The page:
End of series review: Secrets of Our Living Planet
The BBC Two documentary series Secrets of Our Living Planet came to a close this week, with the final episode exploring water-based ecosystems. In previous episodes, the programme, presented by an exuberant Chris Packham, looked at rainforest, savannah and temperate forest eco-systems across the world, highlighting the interconnectivity of all living things on the planet.
Instead of following the clichéd route of some nature documentaries by throwing together some thundering music, tense narration and endless chase scenes, Secrets of Our Living Planet instead focuses on less obvious species which could very easily be overlooked. The connections that Packham illustrates between seemingly disparate species are simply remarkable. Initially, they seem to be very far-fetched, and it is hard to see how pairs of animal species as different as crabs and tigers, ants and maned wolves, bears and trees, or even snails and manta-rays, could actually be linked. However, when he explains in detail how the reciprocity works, the connections seem obvious and devastatingly simple. A picture soon emerges of the natural world as an elegant, self-regulating system in a fine balance that could very easily be upset.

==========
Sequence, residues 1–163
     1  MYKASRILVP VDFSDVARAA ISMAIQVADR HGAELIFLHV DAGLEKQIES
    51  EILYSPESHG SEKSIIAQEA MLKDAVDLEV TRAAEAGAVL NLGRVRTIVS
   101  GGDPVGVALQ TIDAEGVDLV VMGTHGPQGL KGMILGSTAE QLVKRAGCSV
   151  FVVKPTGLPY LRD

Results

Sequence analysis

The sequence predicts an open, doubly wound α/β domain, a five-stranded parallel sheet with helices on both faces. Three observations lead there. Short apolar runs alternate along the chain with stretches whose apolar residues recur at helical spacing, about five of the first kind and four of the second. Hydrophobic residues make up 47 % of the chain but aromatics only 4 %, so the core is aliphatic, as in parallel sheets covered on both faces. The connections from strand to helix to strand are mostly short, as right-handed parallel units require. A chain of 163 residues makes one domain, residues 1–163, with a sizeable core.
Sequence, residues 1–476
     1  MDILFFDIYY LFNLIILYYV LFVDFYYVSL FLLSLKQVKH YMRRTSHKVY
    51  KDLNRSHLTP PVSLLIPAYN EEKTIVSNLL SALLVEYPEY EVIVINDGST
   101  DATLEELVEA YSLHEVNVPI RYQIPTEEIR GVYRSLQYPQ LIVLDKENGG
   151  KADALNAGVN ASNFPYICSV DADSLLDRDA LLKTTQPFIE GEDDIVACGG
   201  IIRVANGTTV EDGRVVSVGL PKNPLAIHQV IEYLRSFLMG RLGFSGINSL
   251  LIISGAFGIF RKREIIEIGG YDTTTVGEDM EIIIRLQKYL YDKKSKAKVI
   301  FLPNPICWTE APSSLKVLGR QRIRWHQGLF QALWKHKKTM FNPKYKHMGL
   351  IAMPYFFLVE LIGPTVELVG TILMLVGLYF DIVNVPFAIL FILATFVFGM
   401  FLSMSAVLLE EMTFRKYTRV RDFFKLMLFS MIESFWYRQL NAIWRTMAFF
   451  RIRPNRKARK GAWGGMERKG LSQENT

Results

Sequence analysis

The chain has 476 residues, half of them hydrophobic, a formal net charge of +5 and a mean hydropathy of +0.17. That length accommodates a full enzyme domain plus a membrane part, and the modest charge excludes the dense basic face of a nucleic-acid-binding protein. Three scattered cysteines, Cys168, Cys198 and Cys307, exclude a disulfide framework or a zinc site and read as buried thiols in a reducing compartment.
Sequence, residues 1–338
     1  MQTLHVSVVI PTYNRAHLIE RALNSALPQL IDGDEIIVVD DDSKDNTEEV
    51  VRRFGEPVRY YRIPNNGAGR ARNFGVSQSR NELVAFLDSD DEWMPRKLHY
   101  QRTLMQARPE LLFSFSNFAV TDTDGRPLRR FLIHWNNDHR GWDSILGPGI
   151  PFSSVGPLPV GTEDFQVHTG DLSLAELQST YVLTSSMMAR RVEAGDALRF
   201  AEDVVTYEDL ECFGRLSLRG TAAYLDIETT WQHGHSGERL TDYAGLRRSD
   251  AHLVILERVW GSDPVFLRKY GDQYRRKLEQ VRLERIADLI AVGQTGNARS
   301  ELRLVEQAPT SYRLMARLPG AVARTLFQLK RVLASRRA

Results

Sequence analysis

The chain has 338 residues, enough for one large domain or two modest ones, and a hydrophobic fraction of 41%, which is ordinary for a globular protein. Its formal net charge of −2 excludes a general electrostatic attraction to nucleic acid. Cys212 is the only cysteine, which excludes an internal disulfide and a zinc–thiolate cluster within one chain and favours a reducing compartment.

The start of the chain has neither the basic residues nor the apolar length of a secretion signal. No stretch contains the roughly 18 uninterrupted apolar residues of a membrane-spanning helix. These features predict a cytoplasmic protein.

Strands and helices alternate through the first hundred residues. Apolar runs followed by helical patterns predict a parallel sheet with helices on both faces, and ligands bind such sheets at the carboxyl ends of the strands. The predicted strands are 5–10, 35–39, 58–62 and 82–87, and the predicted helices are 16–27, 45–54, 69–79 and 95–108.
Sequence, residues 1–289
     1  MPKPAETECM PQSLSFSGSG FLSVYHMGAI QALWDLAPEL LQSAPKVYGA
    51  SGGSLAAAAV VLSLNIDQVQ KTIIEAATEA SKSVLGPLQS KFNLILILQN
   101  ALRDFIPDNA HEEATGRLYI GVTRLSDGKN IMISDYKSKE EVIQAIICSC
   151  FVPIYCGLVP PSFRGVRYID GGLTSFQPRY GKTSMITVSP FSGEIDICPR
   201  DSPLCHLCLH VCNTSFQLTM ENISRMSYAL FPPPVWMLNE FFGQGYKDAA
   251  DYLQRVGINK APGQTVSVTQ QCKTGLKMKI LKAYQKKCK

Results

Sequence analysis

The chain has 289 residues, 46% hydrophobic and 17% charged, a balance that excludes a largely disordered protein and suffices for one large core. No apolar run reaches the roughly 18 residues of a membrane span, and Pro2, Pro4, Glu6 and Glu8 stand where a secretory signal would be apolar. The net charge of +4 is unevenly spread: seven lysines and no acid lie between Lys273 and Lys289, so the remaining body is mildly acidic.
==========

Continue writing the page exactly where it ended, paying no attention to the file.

The programme makes clear that the loss of any one species in an ecosystem is catastrophic because these are systems that have developed to function perfectly over millions of years. This shows the importance of conservation, and offers a counterargument to those who would say that it doesn’t matter if a species goes extinct here and there. Whilst it is true that sometimes ecosystems will adapt to the loss of a component, other times they won’t, and it is hard to know just exactly what the result of removing a species from an environment will be until it has happened. By this point, of course, it is too late to change anything.
Packham displays a wonderful enthusiasm for his subject that makes this programme a pleasure to watch; all too-often with documentaries it is clear that the presenter has little interest in their work other than the money they are going to get for doing it. With Packham, this is not the case. The programme is also visually stunning, visiting diverse locations across the entire world, and is beautifully shot. The result is an exploration of the relationships between different plant and animal species that is as enjoyable to watch as it is informative.
The first three episodes of Secrets of Our Living Planet remain available on iPlayer until Tuesday 24th July, with the final episode available until Sunday 29th.